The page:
On Oct. 2, Crawford was charged with attempted murder in the beating death of a Saskatoon man over the refusal of a cigarette and ended up in the Saskatoon Correctional Centre for most of 1993 for another assault on a young man.

Yet another woman came forward in 1995 after Crawford was arrested for the murders of Napope, Waterhen and Taysup. The young prostitute told police that in the spring of 1992 she was taken to a remote place by Crawford and Corrigan and nearly choked to death. A similar tale in the summer of 1992 emerged from yet another woman.

When the first set of human remains were discovered southwest of Saskatoon, Crawford became a suspect. For four months in 1994, the RCMP tagged him everywhere he went. It was during this period of intense surveillance that Crawford picked up Theresa Kematch, beat and raped her and left her on the street.

“Testimony given . . . suggests that two officers in particular may have been close to the Crawford vehicle while the attack took place.”

What is known for sure is that when the police picked up the injured woman later, she was arrested. At Crawford’s preliminary hearing in the summer of 1995, two of the officers gave conflicting evidence about whether Theresa had been injured or not.

Nearly six years later, after receiving psychiatric help, Theresa got a lawyer to file a claim “alleging that the RCMP was negligent in its duty to protect [her] from a man it knew to be a sexual offender and who had been convicted of manslaughter.” The police maintain they did not know Theresa was at risk and they had not raised a public alarm because they were building a case and did not want Crawford to disappear.

In the case of Calinda Waterhen, her father, Steve Morningchild, brought her lengthy absence to the attention of the RCMP in May 1993 and again in October 1994. Twice he was assured she was living in Saskatchewan and that her health card was being used. Because she was over 18, though, they would not reveal her whereabouts. The facts were, however, that Calinda’s remains were discovered in October 1994 and in January 1995 the RCMP finally said so.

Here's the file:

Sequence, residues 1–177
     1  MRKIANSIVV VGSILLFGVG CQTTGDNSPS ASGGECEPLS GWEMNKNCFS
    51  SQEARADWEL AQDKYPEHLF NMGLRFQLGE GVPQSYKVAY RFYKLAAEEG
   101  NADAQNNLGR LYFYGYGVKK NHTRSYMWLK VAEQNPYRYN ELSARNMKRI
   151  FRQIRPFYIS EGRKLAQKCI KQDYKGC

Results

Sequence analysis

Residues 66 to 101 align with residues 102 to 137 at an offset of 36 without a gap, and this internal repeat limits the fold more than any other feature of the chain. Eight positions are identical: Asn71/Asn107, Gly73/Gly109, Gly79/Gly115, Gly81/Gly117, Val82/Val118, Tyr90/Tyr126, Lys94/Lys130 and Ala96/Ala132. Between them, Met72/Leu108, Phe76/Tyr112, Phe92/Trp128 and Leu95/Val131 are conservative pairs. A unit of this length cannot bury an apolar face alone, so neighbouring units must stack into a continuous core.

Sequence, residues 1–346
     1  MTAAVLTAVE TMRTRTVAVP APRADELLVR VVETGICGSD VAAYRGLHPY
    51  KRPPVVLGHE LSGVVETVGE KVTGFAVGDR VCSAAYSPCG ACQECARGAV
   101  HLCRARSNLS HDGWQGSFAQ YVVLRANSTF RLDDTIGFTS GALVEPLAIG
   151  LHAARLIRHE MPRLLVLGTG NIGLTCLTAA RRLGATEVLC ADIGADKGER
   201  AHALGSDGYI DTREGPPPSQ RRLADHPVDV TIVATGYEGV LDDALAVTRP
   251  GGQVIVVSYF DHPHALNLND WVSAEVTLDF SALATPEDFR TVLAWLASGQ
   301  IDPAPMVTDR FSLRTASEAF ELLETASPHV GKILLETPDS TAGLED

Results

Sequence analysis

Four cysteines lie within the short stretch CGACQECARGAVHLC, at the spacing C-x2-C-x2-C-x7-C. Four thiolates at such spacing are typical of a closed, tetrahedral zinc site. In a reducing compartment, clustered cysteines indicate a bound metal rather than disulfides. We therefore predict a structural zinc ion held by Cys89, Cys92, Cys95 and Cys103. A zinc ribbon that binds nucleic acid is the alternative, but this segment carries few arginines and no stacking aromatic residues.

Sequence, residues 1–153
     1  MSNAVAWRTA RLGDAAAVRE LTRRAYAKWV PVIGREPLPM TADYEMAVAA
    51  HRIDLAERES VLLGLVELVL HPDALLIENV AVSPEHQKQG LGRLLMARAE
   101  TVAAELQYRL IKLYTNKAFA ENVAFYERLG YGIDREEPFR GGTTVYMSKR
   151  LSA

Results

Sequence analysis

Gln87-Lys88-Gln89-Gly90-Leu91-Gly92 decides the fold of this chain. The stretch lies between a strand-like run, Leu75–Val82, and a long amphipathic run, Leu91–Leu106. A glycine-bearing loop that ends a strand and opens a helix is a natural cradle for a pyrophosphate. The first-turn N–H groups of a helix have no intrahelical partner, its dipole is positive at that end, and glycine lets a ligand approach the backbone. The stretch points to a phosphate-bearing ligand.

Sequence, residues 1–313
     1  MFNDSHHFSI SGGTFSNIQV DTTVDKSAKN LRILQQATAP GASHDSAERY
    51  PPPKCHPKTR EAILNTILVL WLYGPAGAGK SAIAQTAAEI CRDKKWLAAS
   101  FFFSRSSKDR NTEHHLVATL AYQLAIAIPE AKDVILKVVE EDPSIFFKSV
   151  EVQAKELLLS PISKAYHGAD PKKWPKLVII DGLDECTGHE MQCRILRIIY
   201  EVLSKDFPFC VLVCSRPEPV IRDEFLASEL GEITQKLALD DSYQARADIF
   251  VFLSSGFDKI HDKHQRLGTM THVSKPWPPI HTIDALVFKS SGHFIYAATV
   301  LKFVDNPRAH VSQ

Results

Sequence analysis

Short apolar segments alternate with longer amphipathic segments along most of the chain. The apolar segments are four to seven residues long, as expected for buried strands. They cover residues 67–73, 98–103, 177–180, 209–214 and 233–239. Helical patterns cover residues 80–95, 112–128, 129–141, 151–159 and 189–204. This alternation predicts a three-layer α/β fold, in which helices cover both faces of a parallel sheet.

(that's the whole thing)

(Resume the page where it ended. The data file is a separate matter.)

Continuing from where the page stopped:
John Crawford is serving three concurrent life sentences with no chance of parole for 20 years in the penitentiary at Prince Albert, Sask.

Only “child-killer Clifford Olson has been more deadly in the ranks of Canadian serial killers,” Goulding tells us.

Crown prosecutor Terry Hinz goes even further. “There is no reason why the Paul Bernardo case should have received more publicity than the John Martin Crawford case.”

The author of Just Another Indian thinks he knows why, and the police don’t get all the blame: Despite a history of rape, stabbing, strangling and dismembering, Crawford’s crime spree has largely been ignored by media.

“Race, geography, incompetence, and economics all play a role,” Goulding states. “There are no easy answers to explain Canadians’ indifference to this case-then or now-but as a society we must ask ourselves the questions.”